Louisiana – the home to jazz, gumbo, Mardi Gras, creole architecture and cotton. Grown in Louisiana for hundreds of years, cotton remains an integral part of the state’s economy. According to data from the National Cotton Council , there are currently 170,000 acres of farmland dedicated to cotton production, in Louisiana, which will contribute more than 400,000 bales of cotton to the U.S. total.
The history of cotton and cotton byproducts in Louisiana can be seen throughout numerous museums, preserved homes and daily life in cities like New Orleans. In New Orleans’ famed French Quarter, for example, local retailers such as the Cotton Market on Dumaine Street and Natural Discoveries on North Peters sell clothing and other textiles rich in cotton fiber.
Café du Monde , the coffee stand and café, popular with tourists and locals alike, still cooks their world famous beignets in cottonseed oil. The oil’s neutral flavor and high smoke point make it ideal for preparing delicate and delicious pastry. The deeply woven connection between the people of Louisiana and cotton can also be seen in a unique program that aids citizens still affected by Hurricanes Katrina and Rita.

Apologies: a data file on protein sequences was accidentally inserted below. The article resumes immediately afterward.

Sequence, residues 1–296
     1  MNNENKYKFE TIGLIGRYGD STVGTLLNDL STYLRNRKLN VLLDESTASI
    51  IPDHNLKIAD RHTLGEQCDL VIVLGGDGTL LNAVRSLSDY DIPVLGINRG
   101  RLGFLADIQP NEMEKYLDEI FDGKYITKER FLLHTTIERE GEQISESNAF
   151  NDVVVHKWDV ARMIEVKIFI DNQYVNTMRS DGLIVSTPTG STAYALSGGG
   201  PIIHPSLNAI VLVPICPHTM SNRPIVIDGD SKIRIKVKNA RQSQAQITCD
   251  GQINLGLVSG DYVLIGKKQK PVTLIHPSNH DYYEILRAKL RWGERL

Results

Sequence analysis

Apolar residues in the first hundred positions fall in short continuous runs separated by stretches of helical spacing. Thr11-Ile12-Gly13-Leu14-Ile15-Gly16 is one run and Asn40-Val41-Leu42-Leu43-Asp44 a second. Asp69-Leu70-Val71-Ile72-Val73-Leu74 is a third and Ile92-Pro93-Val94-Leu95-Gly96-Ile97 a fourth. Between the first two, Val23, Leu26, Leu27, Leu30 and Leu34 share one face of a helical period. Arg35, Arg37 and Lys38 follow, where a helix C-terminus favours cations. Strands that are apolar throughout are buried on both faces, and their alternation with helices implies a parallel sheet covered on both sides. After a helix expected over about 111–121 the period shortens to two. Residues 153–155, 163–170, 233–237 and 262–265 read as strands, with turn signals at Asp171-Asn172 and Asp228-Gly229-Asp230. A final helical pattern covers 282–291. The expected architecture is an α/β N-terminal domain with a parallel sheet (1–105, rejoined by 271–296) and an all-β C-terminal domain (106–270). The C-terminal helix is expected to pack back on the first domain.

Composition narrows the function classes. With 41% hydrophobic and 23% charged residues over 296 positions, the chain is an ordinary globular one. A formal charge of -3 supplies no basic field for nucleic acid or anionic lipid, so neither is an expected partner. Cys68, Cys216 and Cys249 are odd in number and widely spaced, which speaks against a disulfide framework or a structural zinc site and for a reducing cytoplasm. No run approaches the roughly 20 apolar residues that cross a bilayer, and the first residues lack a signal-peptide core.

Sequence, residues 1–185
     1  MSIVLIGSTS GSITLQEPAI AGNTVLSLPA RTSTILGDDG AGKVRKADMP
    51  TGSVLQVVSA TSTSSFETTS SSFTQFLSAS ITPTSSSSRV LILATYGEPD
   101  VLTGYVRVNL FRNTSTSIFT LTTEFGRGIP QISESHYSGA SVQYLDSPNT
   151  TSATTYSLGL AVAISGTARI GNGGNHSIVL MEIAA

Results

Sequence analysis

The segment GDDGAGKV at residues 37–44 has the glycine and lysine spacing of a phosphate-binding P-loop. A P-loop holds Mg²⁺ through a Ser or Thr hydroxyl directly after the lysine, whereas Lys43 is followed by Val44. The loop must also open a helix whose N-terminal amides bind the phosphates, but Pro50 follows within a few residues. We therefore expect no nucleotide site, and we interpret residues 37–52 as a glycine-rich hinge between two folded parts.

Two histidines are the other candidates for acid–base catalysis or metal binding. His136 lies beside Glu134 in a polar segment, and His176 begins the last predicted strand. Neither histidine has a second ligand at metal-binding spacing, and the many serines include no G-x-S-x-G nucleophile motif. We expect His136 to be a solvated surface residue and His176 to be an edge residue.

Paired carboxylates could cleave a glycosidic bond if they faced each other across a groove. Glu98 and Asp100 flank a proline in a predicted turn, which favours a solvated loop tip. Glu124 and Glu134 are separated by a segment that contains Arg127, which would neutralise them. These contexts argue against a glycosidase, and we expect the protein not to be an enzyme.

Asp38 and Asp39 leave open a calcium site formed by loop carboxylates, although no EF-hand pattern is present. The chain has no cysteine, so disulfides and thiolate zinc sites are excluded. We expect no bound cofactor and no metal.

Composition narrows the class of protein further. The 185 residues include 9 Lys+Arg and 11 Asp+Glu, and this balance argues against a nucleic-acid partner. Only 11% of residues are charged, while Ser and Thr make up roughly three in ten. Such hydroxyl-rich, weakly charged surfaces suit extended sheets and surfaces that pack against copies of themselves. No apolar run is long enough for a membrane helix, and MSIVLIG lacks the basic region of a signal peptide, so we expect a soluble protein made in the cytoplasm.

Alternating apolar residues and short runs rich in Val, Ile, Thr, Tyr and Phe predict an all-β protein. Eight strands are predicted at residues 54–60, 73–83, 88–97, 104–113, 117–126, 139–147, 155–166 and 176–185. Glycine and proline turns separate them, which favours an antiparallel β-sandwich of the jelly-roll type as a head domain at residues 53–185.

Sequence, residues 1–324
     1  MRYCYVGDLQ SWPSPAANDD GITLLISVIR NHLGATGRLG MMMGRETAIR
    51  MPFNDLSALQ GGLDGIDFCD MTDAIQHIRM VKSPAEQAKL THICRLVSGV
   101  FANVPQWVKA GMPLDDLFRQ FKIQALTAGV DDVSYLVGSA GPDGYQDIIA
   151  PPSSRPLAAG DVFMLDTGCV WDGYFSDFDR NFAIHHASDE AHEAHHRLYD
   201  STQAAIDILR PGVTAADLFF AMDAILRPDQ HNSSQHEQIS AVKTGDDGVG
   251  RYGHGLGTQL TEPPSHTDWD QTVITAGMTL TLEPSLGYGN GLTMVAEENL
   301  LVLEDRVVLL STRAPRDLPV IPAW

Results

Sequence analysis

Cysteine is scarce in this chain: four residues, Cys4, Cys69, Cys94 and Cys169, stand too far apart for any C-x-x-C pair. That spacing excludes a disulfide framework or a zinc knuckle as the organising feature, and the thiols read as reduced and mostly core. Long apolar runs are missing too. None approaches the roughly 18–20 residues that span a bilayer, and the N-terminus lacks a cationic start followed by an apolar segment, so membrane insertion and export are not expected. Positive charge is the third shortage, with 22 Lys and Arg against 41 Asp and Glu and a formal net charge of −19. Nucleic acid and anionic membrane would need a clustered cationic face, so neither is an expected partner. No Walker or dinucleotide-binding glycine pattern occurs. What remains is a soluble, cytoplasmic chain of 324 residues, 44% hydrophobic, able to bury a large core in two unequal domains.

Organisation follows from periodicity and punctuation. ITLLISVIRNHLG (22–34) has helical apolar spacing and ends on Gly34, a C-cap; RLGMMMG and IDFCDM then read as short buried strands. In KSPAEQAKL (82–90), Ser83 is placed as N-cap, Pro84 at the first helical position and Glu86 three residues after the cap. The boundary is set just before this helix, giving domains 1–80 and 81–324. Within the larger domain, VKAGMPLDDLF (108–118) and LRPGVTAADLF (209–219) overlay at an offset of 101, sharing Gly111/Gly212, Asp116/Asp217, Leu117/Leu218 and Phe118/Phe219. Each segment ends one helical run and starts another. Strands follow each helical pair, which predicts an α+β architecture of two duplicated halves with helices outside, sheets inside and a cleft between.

In May, Cotton Incorporated’s Blue Jeans Go Green™ program joined forces with the New Orleans Area Habitat for Humanity to build 10 homes in 10 days in commemoration of the 10 year anniversary of Hurricane Katrina.
Grammy award-winning, singer-songwriter, Sheryl Crow and American actress, AnnaSophia Robb joined the organizations and more than 600 AmeriCorps volunteers in constructing homes on America Street in New Orleans for the Habitat for Humanity Build-a-thon. In April, Sheryl Crow asked her fans to donate the 10,000 pieces of denim needed to insulate the homes with the UltraTouch™ Denim Insulation , provided by the Blue Jeans Go Green™ program.
The Blue Jeans Go Green™ program is just one example of the many environmental efforts and commitments from the cotton industry. To date, the program has helped to divert more than 600 tons of post-consumer textile waste away from landfills and collected more than 1 million pieces of denim for insulation.